Magnolias remind me powerfully of college, and of this particularly, wonder-full time of year
I write often about wonder here (I think wonder is one of the most-often used words in blog post titles of mine, and probably in the text of posts, too). It’s true that I feel awe and amazement on a regular basis, and that’s exactly how I want to experience the world. It’s not all good, of course: for example I feel nothing short of abject awe at how lousy vertigo feels. I’m writing this on day seven and I still feel shaky, nauseous, and flat-out terrible. I don’t even want to go on my kids’ favorite ride at Canobie Lake Park, the Turkish Twist, for two minutes. I’ve been trapped on it for a week now. This is terrible. And in the true meaning of the word, awe-some.
A lot of the wonder I feel is good, though, and as I walked to do an errand last week (bobbing around on the sidewalk, because I still struggle to walk in a completely straight line), I looked up and noticed that during one of my days in bed the world had burst into insistent, almost ferocious spring bloom. That this fact continues to amaze me, even in my fortieth year, makes me very glad. I started thinking about the things that I hope always make me feel wonder. I don’t ever want to be cynical, or jaded, or to take this world’s breathtaking beauty for granted.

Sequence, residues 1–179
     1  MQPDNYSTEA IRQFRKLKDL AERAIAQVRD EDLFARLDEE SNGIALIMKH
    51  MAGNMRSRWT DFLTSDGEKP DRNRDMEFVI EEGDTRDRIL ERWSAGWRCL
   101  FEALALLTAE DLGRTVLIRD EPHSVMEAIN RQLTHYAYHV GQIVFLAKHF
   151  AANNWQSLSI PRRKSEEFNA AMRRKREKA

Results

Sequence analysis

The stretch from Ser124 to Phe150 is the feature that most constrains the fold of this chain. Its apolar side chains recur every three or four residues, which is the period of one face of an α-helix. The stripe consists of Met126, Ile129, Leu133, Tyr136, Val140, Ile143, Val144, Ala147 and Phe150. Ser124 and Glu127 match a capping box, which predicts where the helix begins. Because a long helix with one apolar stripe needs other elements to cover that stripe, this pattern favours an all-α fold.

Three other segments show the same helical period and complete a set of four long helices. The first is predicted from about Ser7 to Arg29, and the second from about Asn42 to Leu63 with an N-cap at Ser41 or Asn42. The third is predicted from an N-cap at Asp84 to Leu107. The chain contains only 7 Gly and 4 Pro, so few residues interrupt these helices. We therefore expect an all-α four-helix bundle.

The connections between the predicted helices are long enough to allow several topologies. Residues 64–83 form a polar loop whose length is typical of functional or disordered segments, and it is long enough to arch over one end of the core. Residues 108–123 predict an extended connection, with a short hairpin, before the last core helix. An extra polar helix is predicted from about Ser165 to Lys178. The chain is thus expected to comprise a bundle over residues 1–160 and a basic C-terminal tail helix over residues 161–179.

I so many ways, spring is the season of amazement. I hope I always feel a surge of surprised delight when I notice that the trees around me are jubilantly blooming, that the air has a new, softer texture to it, that the days suddenly seem long. Like so many things in life, spring arrives very gradually and then, overnight.
So one thing I always hope to feel wonder at is the advent of spring. There are others, though:
Internet access in an airplane. In fact, airplanes in general. I hope I always feel wonder at how it is that this enormous metal tube is flying thousands of miles above the earth, and that I’m tweeting a I sit there. It’s downright incredible.
The speed of time’s passage. Specifically, right now, that Grace is graduating from sixth grade. I swear, I swear, it was just moments ago that my friends – some of whom I’m grateful to still call my friends – and I stood in that same gym, singing our class song, The Greatest Love of All, before exploding into summer, energy and enthusiasm and hormones all coming together into a tidal surge.
Dawn breaking across the sky and the gloaming before sunset. The fact that we get to witness these majestic moments, every single day (well, most, of it’s not raining), takes my breath away. Every day.
Organ transplantation. It’s not a secret that this is a cause near to me, and when I stop and think about the notion that another person’s heart (and another, different person’s kidney) beats in the chest of someone I love dearly I can’t even process it. The wonder is extreme. It boggles the mind. I hope transplantation becomes more common – please tell your next of kin of your desire to be a donor – but I hope it never ceases to amaze me. Because it is truly extraordinary.
What amazes you? What do you hope to always feel awe about?
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